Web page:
Over recent years, we’ve all seen some mega breaches like Ashley Madison, Democratic National Convention, Yahoo, Telegram, Mossack Fonseca, and 2017 promises to get even crazier.
Most companies don’t take cyber security as seriously as they should. IT is often allocated the smallest budget of the overall budget, and most managers don’t see the need for security until it’s too late. So, as a professional Ethical Hacker, I get hired by clients such as yourselves to try and break in and tell you how to fix your vulnerabilities before the evil hacker does.
Cyber Criminals today are making about 10x my annual salary, so I get often get asked the question “Why do you do what you do when you can be earning so much more?”. Simple, I love helping others, but here’s how I would hack your company if I turned to the dark side.
The 5 Steps a hacker will take
Step 1 – Recon: It wouldn’t take me long at all to find your employees on social media. I would find out their interests, who they’re connected with, and the best email to reach them with. I may even find out where the CEO lives, drive to his house and scan his unsecure WIFI.
I may even leave a few USB sticks around your office like I did to another company back in 2011 which is detailed in my “USB keys in the Urinal” story.
The job postings that some companies put out there are revealing way too much information about what software is running inside the company. Guess what? There’s nothing you can do about it because it’s required to do business. There’s so much information I can find out about your organization from various sources and I haven’t even touched your organization yet.
Step 2 – Scanning: Now that I’ve spent a day or so building my battle plan, I’m now going to scan your network to find out what systems are online, what software you’re running, and how many vulnerabilities exist for each of your software. We hackers have a support system where we share information about how to breach a certain technology which is very effective.
Step 3 – Attack: Now that my VPN is setup and I’ve now changed my IP address from Montreal Canada to make myself appear I’m coming from another country, just to mess with your IT department. Here’s the thing, I don’t have time to waste trying to crack your firewall and risk being detected, when all I have to do is send a compelling email with a link to your employee who I befriended a few days ago. You’re employee won’t think it’s a scam so they’ll click on my link and let me right into the network almost undetected. I say almost because a lot of times the incident was logged somewhere in your systems, but the IT department isn’t trained to look for that so it gets missed.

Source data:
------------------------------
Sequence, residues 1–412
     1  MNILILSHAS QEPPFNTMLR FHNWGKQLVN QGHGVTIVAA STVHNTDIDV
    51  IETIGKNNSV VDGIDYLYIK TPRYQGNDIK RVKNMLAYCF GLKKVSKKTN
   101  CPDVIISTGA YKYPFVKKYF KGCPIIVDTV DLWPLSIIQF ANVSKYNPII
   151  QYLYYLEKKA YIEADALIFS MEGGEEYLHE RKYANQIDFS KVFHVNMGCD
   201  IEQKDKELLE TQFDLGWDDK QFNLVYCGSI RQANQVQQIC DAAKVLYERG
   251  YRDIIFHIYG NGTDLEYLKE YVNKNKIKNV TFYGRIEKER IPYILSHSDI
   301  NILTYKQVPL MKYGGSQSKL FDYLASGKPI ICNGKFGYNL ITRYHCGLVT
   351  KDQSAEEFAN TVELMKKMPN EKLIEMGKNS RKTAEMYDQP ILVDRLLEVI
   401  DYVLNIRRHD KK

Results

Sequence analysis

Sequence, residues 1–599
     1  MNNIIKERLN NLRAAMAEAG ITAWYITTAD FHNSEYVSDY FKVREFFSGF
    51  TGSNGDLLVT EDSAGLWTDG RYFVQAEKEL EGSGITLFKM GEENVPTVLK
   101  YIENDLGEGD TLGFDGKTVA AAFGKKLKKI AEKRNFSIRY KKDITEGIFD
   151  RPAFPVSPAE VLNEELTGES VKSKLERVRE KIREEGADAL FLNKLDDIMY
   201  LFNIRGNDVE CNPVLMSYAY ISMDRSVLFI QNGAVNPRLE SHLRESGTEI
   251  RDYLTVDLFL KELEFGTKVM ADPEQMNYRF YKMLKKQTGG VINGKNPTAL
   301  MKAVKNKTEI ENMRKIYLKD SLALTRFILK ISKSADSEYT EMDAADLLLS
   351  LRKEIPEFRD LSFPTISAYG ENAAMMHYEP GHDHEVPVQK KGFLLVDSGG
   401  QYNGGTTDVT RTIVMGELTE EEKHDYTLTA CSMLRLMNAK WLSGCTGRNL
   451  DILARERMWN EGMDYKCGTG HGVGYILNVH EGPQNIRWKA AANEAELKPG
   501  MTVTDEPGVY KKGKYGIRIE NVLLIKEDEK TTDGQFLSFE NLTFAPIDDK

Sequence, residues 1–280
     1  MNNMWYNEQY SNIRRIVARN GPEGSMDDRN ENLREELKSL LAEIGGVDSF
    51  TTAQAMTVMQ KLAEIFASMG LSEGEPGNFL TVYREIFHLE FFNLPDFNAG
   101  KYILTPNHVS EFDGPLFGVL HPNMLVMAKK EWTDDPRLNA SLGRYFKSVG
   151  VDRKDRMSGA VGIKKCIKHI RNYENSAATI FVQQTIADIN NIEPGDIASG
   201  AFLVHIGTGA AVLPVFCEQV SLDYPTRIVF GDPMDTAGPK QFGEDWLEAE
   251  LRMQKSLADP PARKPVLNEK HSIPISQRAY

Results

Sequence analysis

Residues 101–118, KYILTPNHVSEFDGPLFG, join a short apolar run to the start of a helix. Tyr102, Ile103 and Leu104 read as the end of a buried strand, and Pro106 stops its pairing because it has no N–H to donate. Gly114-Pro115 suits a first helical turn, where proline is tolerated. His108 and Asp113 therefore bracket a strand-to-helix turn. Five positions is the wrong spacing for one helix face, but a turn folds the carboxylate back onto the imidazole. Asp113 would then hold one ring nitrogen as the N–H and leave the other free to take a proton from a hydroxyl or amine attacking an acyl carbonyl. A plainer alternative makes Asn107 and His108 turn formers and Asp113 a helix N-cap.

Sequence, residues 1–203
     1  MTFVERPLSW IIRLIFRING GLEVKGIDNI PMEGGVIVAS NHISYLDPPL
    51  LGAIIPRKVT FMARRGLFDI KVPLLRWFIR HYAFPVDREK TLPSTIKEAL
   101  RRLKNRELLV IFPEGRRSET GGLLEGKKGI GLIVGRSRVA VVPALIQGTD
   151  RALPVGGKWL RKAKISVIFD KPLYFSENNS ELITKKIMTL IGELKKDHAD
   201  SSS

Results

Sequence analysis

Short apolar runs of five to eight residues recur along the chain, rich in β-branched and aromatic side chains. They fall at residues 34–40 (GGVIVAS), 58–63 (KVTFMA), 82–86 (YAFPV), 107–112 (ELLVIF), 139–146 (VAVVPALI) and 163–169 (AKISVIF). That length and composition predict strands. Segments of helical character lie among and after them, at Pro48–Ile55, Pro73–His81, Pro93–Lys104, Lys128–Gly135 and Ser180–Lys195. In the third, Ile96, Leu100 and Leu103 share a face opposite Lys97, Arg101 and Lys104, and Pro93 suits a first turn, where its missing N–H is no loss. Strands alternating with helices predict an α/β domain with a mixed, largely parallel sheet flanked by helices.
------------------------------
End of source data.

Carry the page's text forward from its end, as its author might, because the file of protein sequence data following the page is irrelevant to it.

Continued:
Oh, and for the record, your firewall and Anti-virus won’t save you. We hackers have access to specialized training on how to bypass the top anti-virus products, and it’s free.
Now that I’ve gotten into your network, I’ll gain access to your entire server that would tell me the list of all your users and their passwords for each account. I’ll then reuse that login information to get me into other account both in the network and social media. Having a company’s social media account taken over and sending embarrassing messages from it can hurt your reputation.
In previous intrusion tests I’ve pulled out credit card data, client lists, buyer’s lists, birth certificates, passports, digital signatures to sign cheques, nude employee or extramarital photos that if fell into the wrong hands can be used for extortion. A malicious hacker could seriously destroy your business.
Step 4 – Maintaining access: Once I’m in your system, I plan to return undetected as many times as I want. I may even increase the security of your server without you knowing just to prevent other hackers from getting in and undoing my hard work. I could be in there for years collecting the latest and greatest stuff that your business is producing.
Step 5 – Cover my tracks: Since I’d have complete control of your network, I would then manipulate the network logs to make myself appear invisible. I may even create a diversion to make the IT department think there’s a problem somewhere else while I stay covert.
Way to often we get the calls after the hack has already occurred and the evidence destroyed. By then it’s way too late, and it’ll be very costly if you plan to find out who did it. I’m sure you’d rather someone like me test your system before the evil hacker does.
If you’d like more information about this topic such as a presentation or rapid assessment, please don’t hesitate to reach out to us at SIRCO at 514-744-1010.
VP of Cyber Security